In roughly half the states in the US, the Medicare provider vaccine mandate/interim final rule is moving ahead as scheduled. Today we have a better idea of what compliance and enforcement will look like thanks to new guidance from CMS, QSO-22-07.
The interim final rule requires all eligible staff to have received the necessary shots to be fully vaccinated – either two doses of Pfizer or Moderna or one dose of Johnson & Johnson – by January 4, 2022. All eligible staff working at your facility must be vaccinated, regardless of clinical responsibility or patient contact. The interim final rule does not permit any alternate solutions such as regular testing. The only exceptions in the rule are those for religious objections and staff that are 100% remote. Your facility’s adherence to these standards will be monitored by state survey agencies.
Due to ongoing legal challenges, this guidance does not apply to the following states at this time: Alabama, Alaska, Arizona, Arkansas, Georgia, Idaho, Indiana, Iowa, Kansas, Kentucky, Louisiana, Mississippi, Missouri, Montana, Nebraska, New Hampshire, North Dakota, Ohio, Oklahoma, South Carolina, South Dakota, Texas, Utah, West Virginia and Wyoming. Per CMS: Surveyors in these states should not undertake any efforts to implement or enforce the interim final rule.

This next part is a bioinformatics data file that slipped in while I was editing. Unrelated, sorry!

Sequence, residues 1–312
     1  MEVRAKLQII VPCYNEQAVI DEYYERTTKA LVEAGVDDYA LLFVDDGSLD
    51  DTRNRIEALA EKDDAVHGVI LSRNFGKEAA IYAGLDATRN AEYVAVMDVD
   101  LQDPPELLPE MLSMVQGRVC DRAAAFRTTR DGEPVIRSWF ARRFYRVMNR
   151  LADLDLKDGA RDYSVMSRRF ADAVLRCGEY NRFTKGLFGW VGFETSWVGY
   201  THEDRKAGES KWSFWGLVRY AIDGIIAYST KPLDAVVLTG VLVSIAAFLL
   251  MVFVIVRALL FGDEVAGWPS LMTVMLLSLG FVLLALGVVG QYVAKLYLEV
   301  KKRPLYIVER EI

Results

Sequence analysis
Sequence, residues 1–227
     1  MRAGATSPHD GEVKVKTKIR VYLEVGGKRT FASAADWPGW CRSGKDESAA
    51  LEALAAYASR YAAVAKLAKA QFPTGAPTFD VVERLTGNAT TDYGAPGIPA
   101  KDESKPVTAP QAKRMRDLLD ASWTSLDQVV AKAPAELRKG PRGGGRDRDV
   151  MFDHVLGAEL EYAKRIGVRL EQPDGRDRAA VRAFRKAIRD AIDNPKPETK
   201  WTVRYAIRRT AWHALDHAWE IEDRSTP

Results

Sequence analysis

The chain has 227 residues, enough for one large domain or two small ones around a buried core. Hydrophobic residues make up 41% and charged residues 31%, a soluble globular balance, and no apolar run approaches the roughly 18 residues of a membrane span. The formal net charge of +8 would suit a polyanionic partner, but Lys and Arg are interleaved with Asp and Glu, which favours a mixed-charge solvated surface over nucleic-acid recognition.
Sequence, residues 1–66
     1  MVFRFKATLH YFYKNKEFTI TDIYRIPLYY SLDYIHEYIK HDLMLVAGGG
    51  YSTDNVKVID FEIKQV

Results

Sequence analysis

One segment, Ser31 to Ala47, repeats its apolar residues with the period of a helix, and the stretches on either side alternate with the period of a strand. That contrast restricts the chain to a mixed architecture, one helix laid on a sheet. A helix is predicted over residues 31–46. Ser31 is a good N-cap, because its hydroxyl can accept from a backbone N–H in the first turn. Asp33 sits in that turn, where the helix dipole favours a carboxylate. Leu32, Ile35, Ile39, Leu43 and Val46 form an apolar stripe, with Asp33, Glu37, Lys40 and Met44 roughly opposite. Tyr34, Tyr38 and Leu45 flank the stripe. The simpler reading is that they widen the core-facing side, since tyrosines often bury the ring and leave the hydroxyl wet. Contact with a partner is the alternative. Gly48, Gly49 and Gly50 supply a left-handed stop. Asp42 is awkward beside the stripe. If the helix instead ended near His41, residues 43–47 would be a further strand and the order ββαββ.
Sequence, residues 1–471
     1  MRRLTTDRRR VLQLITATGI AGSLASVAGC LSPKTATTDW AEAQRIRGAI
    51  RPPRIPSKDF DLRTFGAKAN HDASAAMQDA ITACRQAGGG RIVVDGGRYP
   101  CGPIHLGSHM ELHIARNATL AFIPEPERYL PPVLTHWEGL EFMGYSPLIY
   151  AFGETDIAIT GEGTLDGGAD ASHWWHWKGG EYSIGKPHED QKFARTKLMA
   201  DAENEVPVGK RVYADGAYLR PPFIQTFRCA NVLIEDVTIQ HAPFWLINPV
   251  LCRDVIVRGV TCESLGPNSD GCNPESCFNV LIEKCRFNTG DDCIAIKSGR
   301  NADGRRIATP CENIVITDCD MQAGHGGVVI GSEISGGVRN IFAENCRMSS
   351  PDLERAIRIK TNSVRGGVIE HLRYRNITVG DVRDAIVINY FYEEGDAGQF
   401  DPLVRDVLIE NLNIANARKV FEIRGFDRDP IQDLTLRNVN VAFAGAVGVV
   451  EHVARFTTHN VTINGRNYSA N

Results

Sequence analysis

CMS expects all providers’ and suppliers’ staff to have received the appropriate number of doses by the timeframes specified in the QSO-22-07 unless exempted as required by law, or delayed as recommended by CDC. Facility staff vaccination rates under 100% constitute noncompliance under the rule. Non-compliance does not necessarily lead to termination, and facilities will generally be given opportunities to return to compliance. The new guidance outlines procedures for state survey agencies to follow, with escalating severity every 30 days until 90 days of noncompliance is reached. Should a facility fail to comply after 90 days, serious enforcement action may be taken.